The Houston Rockets are switching up their swingmen buried on the bench (in hopes the new one is not going to be so buried).
The Rockets have waived Daequan Cook to sign free agent James Anderson, reports the Houston Chronicle. They didn’t get it done in time for Monday night’s game but they will by the next time the Rockets take the court.
“He’s a good, diligent defender,” coach Kevin McHale said of Anderson. “He’s a guy who knows how to play. I’m looking forward to getting him out here and seeing how he fits in our system.”
He wasn’t really a diligent defender in his time with San Antonio, which is part of the reason the Spurs let the former No. 20 overall pick go after three seasons. He got in just 10 games in San Antonio last season and if you know the Spurs that suggests Anderson was not impressing in practice.
When Anderson did get in last season he shot 44 percent overall and 45 percent from three. He was expected to be a scorer coming out of Oklahoma State but that didn’t happen. Anderson doesn’t really create his own shot well but with James Harden and Jeremy Lin that may not be an issue, he just has to hit the chances he gets in the offense. Something he didn’t do well in three seasons with the Spurs.
Cook has gotten in 16 games for the Rockets this season (starting once after Chandler Parsons was injured) and averaged 3.4 points a game when he did, shooting just 35.6 percent.
Basically, Cook wasn’t doing the job so the Rockets are hoping Anderson can do a better job soaking up some minutes behind Harden. Anderson has gotten a few workouts with teams (most recently the Timberwolves) now we’ll see if he can take advantage of his shot.
Craig Sager couldn’t be in Rio covering the Olympics for NBC, his cancer wouldn’t allow it. That didn’t stop Team USA from reaching out to him before they left. Or from Nike designing a sweet pair of shoes for him.
Now there is good news on his battle against leukemia — he will have a third bone marrow transplant, according to his son Craig Sager II.
This is fantastic news for a man and family who have been through a lot. Hopefully, this treatment is a step forward for Sager, a man beloved by everyone around the NBA.
The Oklahoma City frontcourt is crowded. Enes Kanter and Steven Adams will start, and they will have Nick Collison, Ersan Ilyasova, Domantas Sabonis, and now Joffrey Lauvergne behind them.
Which likely means Mitch McGary‘s done as a member of the Thunder, according to Royce Young of ESPN.
McGary has battled injuries his two seasons in the league and got on the court for only 72 minutes total last season for the Thunder (he played in more games and put up solid numbers in the D-LEague). He was not part of the future there regardless. He’s an undersized five trying to play the four and what he brought as a rookie — energy — was not enough as a sophomore.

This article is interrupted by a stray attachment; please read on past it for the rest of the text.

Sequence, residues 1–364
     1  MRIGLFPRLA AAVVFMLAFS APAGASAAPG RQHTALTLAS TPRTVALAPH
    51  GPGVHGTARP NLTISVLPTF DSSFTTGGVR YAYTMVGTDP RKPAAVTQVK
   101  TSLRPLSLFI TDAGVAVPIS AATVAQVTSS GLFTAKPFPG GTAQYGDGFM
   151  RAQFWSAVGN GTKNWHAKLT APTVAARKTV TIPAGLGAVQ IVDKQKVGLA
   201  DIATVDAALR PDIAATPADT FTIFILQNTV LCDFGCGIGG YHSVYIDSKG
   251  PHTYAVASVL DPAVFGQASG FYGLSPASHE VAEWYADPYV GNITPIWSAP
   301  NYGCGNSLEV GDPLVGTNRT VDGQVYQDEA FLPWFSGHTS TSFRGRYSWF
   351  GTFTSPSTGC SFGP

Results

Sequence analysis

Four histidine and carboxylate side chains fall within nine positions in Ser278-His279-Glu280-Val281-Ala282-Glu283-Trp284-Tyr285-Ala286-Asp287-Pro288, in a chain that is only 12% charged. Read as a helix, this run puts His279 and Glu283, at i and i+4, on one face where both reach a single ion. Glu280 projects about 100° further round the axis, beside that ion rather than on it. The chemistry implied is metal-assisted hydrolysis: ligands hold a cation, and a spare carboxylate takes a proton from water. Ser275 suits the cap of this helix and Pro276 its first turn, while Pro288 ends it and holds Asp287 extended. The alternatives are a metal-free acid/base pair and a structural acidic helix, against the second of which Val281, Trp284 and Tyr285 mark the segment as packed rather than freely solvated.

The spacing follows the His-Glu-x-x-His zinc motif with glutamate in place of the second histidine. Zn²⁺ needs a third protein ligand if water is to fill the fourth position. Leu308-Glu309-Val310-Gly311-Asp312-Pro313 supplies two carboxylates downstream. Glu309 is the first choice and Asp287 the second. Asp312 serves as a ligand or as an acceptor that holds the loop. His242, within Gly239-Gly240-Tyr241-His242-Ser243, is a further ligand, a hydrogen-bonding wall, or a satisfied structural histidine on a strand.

McGary will make $1.5 million this season. He may be tough to move because he’s suspended for the first five games he’s eligible to play next season for failing the league’s drug policy (five games is the standard suspension for testing positive for marijuana three times). Maybe a team looking to develop players will give him a shot, but there is little trade value for him.
If you can knock down a 19-foot shot, then a 15-footer should be easier. Right?
Apparently that — and just basic muscle memory — is the latest attempt to improve Dwight Howard‘s free throw shooting. And, he seems to be knocking down those shots.
It’s not hard to see the logic in this approach.
The challenge is form and reps are not the problems for Howard — or DeAndre Jordan or Andre Drummond or others — when it comes to hitting free throws. Anyone who says “why don’t they just practice the shot” doesn’t pay attention, these guys put in a lot of work on the shot. Pregame and in practice (I’m Los Angeles based), Jordan probably hits 65 percent from the line. At least.
The problem is mental. That can be a tougher hurdle to clear. Maybe taking 19 footers and knocking them down will have Howard feeling more confident at the stripe this season.
But we’re going to need to see it to believe it. Just like we’re going to have to see a rejuvenated Howard in Atlanta before we believe this season will be different from the last few.
Until this season, Jason Thompson had never been to the playoffs. He spent seven seasons in Sacramento before getting traded to the Warriors last offseason, and then signing with the Raptors midseason when Golden State waived him to make room on the roster for Anderson Varejao. His NBA days appear over, at least for now. International basketball reporter David Pick reports that Thompson has agreed to a deal to play in China.
Since the CBA’s season ends in March, Thompson could theoretically join an NBA team for the stretch run next year. But he didn’t appear to have much interest on the free-agent market this summer.